When Jack died, he wasn’t allowed into heaven because of his bad lifestyle, and he wasn’t allowed into hell because of his deal with the devil. So the devil gave Jack a glowing ember to light his way through eternal darkness. Jack placed that ember into a carved turnip so he could carry it. The Irish were known to create lanterns from turnips, potatoes, and beets throughout the year (not just at Halloween). Thus, a vegetable with a candle in it became known as a jack-o-lantern.
During the Irish potato famine of 1845-1850, many people immigrated to the United States, and they brought some of their folklore and rituals with them. In America, pumpkins were plentiful and they replaced the turnip as the jack-o-lantern of choice. One of the other practices the Irish and Scots brought over was "mischief night" on Halloween (the trick part of All Hallow’s Eve)-a night where people would sneak around playing pranks such as unhinging gates, tipping over outhouses, and other general mischief. The next day, to avoid repercussions, the pranksters claimed it was the work of ghosts, goblins, and witches.
Halloween’s "treat" would come many years later. Mischief night grew not only in popularity, but in severity as well. In the late 1920s, the destruction was getting to be a problem. Add mischief night to the frustration of the oncoming "Great Depression," and disaster was brewing.
My grandmother, Bunny Chamberland, was born in 1919 and grew up in Southbridge, Massachusetts. She remembers some of the pranks that were played in the 1920s: "In those days there were a lot of horses, and they used to throw the manure around. Other hellions would let the cows out of the field and they would wander into the road, kids would throw eggs at houses-it really did get out of hand at times."
In the late 1920s and early 1930s, local civic organizations were mobilizing to provide a safe Halloween. Children were being encouraged to go door-to-door to get a treat from each house or place of business. "All of the houses participated in giving out treats on Halloween because they were afraid there would be some mischievous repercussions if they didn’t," Mrs. Chamberland said. "We didn’t dress up in any costumes during those first few Halloweens, but we wore our old clothes. I remember the kids would get together in the street and tell each other which houses were giving out chocolate bars. It didn’t take too many years until we all took ‘beggar’s night’ for granted."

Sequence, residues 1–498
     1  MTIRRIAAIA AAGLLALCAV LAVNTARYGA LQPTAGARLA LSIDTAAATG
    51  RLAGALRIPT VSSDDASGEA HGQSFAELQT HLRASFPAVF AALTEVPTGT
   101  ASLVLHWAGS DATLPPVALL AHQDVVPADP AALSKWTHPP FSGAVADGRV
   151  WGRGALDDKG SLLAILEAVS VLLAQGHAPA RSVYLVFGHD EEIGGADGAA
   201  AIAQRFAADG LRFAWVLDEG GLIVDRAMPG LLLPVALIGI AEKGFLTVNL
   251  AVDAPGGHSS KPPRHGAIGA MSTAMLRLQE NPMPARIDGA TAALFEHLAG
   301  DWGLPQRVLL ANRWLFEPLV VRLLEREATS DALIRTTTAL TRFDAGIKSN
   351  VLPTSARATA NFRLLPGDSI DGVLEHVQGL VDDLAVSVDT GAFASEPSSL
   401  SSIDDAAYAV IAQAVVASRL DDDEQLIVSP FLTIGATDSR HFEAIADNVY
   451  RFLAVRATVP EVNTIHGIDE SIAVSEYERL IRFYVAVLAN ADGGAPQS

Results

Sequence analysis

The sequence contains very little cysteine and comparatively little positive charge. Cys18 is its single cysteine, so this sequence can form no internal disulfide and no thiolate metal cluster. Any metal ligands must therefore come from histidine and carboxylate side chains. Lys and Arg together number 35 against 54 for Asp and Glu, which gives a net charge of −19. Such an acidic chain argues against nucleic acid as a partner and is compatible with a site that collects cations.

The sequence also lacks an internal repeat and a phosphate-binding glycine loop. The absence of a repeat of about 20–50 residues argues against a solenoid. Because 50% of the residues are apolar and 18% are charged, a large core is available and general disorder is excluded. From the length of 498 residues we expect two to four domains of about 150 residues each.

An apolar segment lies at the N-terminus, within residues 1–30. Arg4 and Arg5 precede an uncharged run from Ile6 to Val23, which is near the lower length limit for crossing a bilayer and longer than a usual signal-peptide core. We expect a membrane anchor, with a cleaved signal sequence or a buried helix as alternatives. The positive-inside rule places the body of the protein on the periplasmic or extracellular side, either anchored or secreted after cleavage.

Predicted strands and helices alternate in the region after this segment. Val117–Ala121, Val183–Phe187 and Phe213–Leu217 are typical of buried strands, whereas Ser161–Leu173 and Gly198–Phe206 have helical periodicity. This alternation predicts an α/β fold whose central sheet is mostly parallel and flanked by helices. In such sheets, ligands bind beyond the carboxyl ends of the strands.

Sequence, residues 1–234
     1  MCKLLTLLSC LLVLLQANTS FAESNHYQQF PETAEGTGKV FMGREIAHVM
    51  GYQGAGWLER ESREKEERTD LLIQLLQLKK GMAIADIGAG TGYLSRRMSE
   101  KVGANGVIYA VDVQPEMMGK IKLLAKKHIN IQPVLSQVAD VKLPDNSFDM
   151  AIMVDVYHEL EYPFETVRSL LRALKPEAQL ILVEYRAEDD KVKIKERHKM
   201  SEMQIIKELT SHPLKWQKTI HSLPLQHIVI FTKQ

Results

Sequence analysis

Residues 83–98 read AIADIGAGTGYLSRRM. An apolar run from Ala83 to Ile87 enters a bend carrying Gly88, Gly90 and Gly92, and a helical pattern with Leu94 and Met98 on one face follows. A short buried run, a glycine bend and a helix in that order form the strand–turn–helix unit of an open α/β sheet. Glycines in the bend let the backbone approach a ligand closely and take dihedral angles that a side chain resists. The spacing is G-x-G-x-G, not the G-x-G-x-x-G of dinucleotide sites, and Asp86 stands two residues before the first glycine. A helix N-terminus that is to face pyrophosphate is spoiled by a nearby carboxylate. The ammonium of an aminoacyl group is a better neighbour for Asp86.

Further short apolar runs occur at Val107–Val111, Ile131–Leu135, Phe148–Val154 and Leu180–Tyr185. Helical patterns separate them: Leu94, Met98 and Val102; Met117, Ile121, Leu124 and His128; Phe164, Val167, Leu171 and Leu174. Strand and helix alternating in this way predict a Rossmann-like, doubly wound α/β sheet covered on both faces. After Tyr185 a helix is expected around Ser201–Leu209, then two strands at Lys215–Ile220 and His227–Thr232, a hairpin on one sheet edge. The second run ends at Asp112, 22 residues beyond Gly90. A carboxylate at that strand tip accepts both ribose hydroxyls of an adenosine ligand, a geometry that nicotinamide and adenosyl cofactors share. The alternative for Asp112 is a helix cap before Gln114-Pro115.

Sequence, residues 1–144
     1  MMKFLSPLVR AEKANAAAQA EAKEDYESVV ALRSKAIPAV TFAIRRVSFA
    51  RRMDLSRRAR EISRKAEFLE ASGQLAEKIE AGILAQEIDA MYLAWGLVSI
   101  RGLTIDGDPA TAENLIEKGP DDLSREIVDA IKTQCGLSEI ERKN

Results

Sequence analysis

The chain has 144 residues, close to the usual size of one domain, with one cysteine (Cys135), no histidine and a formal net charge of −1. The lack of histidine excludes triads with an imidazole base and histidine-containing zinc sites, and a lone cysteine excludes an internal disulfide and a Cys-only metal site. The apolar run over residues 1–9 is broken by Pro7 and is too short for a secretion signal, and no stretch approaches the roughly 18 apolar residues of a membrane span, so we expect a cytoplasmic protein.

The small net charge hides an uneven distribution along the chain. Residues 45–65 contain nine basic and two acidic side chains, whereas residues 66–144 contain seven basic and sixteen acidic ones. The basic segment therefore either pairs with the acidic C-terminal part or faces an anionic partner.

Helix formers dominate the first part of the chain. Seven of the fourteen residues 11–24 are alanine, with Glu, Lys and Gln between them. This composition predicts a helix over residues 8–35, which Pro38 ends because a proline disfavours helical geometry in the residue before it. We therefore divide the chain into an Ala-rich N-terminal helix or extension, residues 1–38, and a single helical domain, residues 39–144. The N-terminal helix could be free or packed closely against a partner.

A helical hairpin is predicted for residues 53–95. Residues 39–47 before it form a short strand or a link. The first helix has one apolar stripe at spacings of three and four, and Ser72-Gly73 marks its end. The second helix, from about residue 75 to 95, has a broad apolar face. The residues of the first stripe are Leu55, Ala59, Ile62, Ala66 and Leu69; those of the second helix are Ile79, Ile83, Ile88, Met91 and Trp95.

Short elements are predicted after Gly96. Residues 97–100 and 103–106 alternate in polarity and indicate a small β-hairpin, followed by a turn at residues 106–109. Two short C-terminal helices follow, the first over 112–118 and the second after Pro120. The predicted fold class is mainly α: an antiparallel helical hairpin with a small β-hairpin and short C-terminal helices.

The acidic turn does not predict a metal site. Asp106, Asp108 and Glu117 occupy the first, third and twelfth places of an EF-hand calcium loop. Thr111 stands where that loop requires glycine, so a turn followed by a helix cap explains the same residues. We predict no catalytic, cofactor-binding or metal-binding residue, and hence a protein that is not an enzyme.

It was this early form of "hellion extortion" that served to keep troublemakers at bay, and it also launched a phrase that has been popular ever since…"Trick or treat!"
Halloween is by far most popular in the United States, but it is also practiced in Canada, Great Britain, Ireland, and the Philippines.
Today, many pagans and Wiccans still hold Halloween in high regard (as well they should- it started as a pagan holiday thousands of years ago), and other cults and Satanists have also adopted the day with a more evil tone, practicing sacrifices and worship- though there never really was anything "evil" in the folklore to warrant this.
No matter if your personal beliefs are sacred, secular, or pagan, Halloween holds mystery, suspense, fear, ghosts, goblins, and thankfully… candy for just about all of us. Summer has ended, the harvest has been brought in, and winter is surely coming. Candlelight will dance in carved jack-o-lanterns, and more than 2,500 years of history remind us that for this one day, the dead, witches, goblins, and fairies will walk among us.